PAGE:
# 2006 IMO Problems/Problem 4

### Problem

Determine all pairs $(x, y)$ of integers such that $$1+2^{x}+2^{2x+1}= y^{2}.$$

### Solution

If $(x,y)$ is a solution then obviously $x\geq 0$ and $(x,-y)$ is a solution too. For $x=0$ we get the two solutions $(0,2)$ and $(0,-2)$.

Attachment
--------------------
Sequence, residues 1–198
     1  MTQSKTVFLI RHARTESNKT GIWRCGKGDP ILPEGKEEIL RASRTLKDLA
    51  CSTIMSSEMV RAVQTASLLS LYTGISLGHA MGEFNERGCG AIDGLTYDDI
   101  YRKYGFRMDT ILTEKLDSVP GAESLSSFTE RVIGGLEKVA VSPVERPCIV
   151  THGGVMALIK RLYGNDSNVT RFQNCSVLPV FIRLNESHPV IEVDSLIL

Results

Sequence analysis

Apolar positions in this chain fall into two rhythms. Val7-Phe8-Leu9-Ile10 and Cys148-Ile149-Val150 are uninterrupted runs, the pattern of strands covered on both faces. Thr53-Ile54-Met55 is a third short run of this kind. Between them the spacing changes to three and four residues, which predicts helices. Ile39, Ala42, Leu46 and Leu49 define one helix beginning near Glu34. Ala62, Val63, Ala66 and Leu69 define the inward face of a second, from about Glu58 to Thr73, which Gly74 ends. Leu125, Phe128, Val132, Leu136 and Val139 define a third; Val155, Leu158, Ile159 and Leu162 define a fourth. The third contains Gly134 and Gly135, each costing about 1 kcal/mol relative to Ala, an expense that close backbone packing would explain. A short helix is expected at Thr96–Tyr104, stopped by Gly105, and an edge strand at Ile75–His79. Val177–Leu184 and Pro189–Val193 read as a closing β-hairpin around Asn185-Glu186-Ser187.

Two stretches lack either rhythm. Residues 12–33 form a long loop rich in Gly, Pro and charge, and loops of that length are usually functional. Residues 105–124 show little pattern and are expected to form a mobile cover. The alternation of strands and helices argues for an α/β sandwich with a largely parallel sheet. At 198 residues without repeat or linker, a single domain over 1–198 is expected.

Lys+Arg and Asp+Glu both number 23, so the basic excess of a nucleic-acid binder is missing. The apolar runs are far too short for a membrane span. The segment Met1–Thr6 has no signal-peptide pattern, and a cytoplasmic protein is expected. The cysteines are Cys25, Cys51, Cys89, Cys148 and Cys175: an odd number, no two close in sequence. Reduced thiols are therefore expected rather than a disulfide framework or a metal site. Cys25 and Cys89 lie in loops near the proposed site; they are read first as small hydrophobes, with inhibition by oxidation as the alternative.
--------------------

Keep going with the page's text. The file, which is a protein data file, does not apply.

Now let $(x,y)$ be a solution with $x > 0$; without loss of generality confine attention to $y > 0$. The equation rewritten as $$2^x(1+2^{x+1}) = (y-1)(y+1)$$ shows that the factors $y-1$ and $y+1$ are even, exactly one of them divisible by $4$. Hence $x\geq 3$ and one of these factors is divisible by $2^{x-1}$ but not by $2^x$. So $$y = 2^{x-1}m + \varepsilon, \qquad m\text{ odd},\qquad \varepsilon = \pm 1.\qquad\qquad(*)$$ Plugging this into the original equation we obtain $$2^x(1+2^{x+1}) = (2^{x+1}m + \varepsilon)^2 - 1 = 2^{2x-2}m^2 + 2^xm\varepsilon,$$ or, equivalently $$1 + 2^{x+1} = 2^{x-2}m^2 + m\varepsilon.$$ Therefore $$1 - \varepsilon m = 2^{x-2}(m^2 - 8).\qquad(\dagger)$$ For $\varepsilon = 1$ this yields $m^2 - 8 < 0$, i.e. $m=1$, which fails to satisfy $(\dagger)$. For $\varepsilon = -1$ equation $(\dagger)$ gives us $$1 + m = 2^{x-2}(m^2 - 8) \geq 2(m^2 - 8),$$ implying $2m^2 - m - 17 \leq 0$. Hence $m\leq 3$; on the other hand $m$ cannot be $1$ by $(\dagger)$. Because $m$ is odd, we obtain $m=3$, leading to $x=4$. From $(*)$ we get $y=23$. These values indeed satisfy the given equation. Recall that then $y = -23$ is also good. Thus we have the complete list of solutions $(x,y)$: $(0,2)$, $(0,-2)$, $(4,23)$, $(4,-23)$.